Monday, May 6, 2013
Roadside vegetation and climate change: Time to put some real science to work
Management of roadside vegetation is an issue at many state DOT research divisions. However, it is usually studied with the objective of reducing mowing costs, sometimes through better planting but often with herbicides. But roadside right-of-way has, in my opinion, a huge potential to provide climate change benefits through sequestering carbon dioxide, and I’m not sure anyone is looking at that. Some people have begun to consider the effect of climate change on roadside environments, but that’s a different issue.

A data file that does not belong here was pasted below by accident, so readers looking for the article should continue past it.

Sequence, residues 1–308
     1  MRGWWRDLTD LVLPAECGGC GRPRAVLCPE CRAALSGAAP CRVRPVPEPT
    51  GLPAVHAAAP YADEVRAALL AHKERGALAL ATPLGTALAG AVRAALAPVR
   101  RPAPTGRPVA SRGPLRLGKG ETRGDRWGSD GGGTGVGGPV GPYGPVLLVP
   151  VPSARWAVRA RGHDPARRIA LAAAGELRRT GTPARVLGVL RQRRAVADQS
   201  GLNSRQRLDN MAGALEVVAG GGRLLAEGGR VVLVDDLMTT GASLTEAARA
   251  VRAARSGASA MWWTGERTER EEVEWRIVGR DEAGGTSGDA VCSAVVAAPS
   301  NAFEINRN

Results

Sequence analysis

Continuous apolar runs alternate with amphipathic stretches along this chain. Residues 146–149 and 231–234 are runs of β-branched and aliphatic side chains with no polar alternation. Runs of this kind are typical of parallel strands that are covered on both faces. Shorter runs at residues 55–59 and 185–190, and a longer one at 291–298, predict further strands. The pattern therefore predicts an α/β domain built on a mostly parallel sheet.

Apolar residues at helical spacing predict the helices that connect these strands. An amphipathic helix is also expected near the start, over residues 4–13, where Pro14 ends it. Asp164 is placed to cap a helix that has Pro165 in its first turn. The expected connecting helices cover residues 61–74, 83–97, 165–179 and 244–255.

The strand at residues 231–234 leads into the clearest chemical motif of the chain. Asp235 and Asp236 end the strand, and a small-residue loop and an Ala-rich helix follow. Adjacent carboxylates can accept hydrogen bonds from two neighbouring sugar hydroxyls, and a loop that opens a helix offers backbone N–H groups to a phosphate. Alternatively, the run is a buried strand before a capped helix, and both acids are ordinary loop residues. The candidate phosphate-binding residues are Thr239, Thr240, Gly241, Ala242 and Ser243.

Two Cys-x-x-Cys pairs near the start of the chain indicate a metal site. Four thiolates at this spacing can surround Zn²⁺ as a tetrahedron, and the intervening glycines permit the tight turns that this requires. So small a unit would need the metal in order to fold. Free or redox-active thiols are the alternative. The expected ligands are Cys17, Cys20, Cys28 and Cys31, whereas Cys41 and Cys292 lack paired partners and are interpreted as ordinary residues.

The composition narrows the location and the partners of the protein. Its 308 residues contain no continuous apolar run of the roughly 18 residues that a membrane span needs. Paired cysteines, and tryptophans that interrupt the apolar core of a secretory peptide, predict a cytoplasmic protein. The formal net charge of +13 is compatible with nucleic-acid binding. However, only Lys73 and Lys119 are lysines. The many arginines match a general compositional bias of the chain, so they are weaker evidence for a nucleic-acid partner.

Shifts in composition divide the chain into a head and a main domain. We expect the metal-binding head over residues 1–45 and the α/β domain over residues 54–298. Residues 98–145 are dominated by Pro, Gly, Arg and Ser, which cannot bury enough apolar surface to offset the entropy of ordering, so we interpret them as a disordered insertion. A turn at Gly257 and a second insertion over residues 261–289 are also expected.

Now comes a study (reported here) suggesting that woodland vegetation can provide other climate change benefits, through the “concentration of natural aerosols,” which can counteract, to some degree, atmospheric warming. (Please don’t expect me to explain this.)
Of course, a well-managed roadside environment provides multiple benefits, including highway beautification, visual buffering of adjacent land uses, protection of habitats, and even service as “living snow fences” in northern climates.
I hope that someone is formulating research problem statements on the topic of using roadside environments to ameliorate climate change. I haven’t seen any, but will keep looking!